Despite this huge setback Israel and Palestine must find a way to keep talking

Share

In the end, as all along seemed probable, the gap was narrow but unbridgeable. From the outset, the future of Jerusalem had threatened to be the deal-breaker in the Israeli-Palestinian summit, which collapsed without agreement at Camp David yesterday. Often theatrics are part of a truly crucial Middle East negotiation. Statements of the failure from the White House, the summoning by participants of their motorcades for the airport, have been part and parcel of the brinkmanship process. This time alas, they do not seem to be the prelude to yet one more desperate push for a breakthrough.

In the end, as all along seemed probable, the gap was narrow but unbridgeable. From the outset, the future of Jerusalem had threatened to be the deal-breaker in the Israeli-Palestinian summit, which collapsed without agreement at Camp David yesterday. Often theatrics are part of a truly crucial Middle East negotiation. Statements of the failure from the White House, the summoning by participants of their motorcades for the airport, have been part and parcel of the brinkmanship process. This time alas, they do not seem to be the prelude to yet one more desperate push for a breakthrough.

Summits can teeter on the edge for only so long. For 15 days, most of those in the presence of Bill Clinton, Ehud Barak and Yasser Arafat have been seeking to reach a "final status" agreement to cap the peace process which began with that unforgettable handshake between Mr Arafat and the late Yitzhak Rabin seven summers ago. The two sides seemed to have been inching towards a deal on the borders of the future Palestinian state on the West Bank and the Gaza Strip, and the future of settlements in the occupied territories. Differences remained on the "right of return" of the 4 million Palestinian refugees whose families once lived in what is now Israel. But on Jerusalem, claimed by both sides as their historic, rightful capital, there has been no understanding whatsoever.

In fact, each leader's hands were tied. Mr Barak apparently offered some form of Palestinian sovereignty over east Jerusalem, but neither sufficient nor precise enough to satisfy Mr Arafat and - more importantly - protect the Palestinian leader from accusations by his own people of a sell-out. But with his own governing coalition in ruins, the Israeli Prime Minister felt he could go no further.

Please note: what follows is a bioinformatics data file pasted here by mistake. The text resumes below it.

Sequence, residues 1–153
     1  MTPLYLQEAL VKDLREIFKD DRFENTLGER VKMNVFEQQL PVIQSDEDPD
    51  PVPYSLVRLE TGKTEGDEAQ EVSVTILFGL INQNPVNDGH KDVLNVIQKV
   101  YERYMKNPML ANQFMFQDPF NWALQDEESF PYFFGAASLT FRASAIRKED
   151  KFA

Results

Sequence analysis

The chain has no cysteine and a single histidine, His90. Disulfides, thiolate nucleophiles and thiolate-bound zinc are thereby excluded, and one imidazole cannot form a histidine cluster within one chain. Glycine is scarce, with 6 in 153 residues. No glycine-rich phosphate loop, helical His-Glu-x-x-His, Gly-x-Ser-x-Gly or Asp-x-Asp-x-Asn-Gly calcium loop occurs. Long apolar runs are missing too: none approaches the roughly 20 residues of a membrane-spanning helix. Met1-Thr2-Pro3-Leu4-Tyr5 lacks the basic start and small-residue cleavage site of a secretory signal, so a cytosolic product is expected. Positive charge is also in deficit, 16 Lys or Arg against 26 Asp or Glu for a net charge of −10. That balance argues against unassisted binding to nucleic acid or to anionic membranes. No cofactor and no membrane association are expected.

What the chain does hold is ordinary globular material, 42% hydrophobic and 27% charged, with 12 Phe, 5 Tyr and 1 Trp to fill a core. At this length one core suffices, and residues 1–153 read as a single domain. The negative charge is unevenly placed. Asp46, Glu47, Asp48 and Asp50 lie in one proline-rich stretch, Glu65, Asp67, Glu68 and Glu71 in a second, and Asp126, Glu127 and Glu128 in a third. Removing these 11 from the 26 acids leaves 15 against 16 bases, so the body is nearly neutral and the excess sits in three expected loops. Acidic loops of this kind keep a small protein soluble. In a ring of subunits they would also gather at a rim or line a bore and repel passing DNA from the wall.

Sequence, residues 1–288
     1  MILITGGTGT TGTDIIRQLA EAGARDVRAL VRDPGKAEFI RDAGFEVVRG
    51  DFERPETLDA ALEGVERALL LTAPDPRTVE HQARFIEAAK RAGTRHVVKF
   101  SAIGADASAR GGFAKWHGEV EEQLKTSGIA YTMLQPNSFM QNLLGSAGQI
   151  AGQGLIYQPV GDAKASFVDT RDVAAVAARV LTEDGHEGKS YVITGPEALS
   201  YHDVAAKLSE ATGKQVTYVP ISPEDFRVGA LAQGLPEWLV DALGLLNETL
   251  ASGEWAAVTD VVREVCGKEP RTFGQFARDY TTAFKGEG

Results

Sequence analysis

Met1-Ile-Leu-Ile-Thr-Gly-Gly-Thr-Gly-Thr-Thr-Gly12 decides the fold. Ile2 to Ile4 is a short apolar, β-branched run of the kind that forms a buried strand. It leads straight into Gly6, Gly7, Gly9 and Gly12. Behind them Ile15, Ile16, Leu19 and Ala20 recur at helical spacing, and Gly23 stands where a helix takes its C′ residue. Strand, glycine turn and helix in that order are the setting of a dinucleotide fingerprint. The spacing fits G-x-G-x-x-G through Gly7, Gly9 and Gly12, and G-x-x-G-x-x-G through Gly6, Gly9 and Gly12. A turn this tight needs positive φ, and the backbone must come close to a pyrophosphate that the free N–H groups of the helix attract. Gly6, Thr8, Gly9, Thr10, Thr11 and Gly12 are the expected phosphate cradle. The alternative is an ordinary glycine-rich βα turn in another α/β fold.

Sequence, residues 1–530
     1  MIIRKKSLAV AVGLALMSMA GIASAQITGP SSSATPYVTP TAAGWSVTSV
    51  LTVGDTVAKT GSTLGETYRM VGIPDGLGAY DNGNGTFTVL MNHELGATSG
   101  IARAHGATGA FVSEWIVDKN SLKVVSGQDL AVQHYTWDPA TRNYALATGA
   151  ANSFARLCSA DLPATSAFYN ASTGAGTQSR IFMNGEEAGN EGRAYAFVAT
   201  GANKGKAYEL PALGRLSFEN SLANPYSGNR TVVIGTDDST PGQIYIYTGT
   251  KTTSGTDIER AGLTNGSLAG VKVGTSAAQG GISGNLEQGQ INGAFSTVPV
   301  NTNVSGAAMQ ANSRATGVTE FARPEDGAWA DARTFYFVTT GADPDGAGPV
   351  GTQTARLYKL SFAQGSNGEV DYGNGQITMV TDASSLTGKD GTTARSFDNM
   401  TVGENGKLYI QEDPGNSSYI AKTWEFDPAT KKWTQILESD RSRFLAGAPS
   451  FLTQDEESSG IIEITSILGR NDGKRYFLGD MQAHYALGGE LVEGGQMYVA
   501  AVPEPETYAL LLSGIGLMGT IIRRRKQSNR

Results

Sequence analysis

But if failure this time was predictable, its consequences are no less alarming. Inevitably recriminations will fly. The Israelis will blame Mr Arafat for a pigheaded failure to accept the best terms his people are ever likely to receive. The Palestinians will fume at the Israelis for delivering a package which they knew did not meet the minimum requirements of their negotiating partner. President Clinton and his Secretary of State, Madeleine Albright, will also come under fire for not having done their homework, and failing to appreciate the colossal symbolic importance of Jerusalem to both parties.

The immediate need now is for cool heads. Just possibly, the breakdown will prove temporary, and a fresh summit can be called before the 13 September deadline for a peace treaty. Indeed, before this last Camp David marathon began, many experts predicted that it would be but the first act of a two-act drama. If that is not the case, however, the prospects are grim.

All too probably, Mr Arafat will conclude that after so many disappointments and false dawns since 1993, he has no choice but to carry out his oft-voiced threat to unilaterally declare a sovereign Palestinian state. To which the Israelis would surely and instantly reply by formally annexing West Bank land it currently occupies and by tightening still further its grip on Jerusalem. At this point every achievement since the first Camp David summit of 1978, which paved the way to a peace treaty between Israel and Egypt, would be in danger of unravelling. Somehow, the Israelis and Palestinians must find a way to keep talking.

React Now

Latest stories from i100
iJobs Job Widget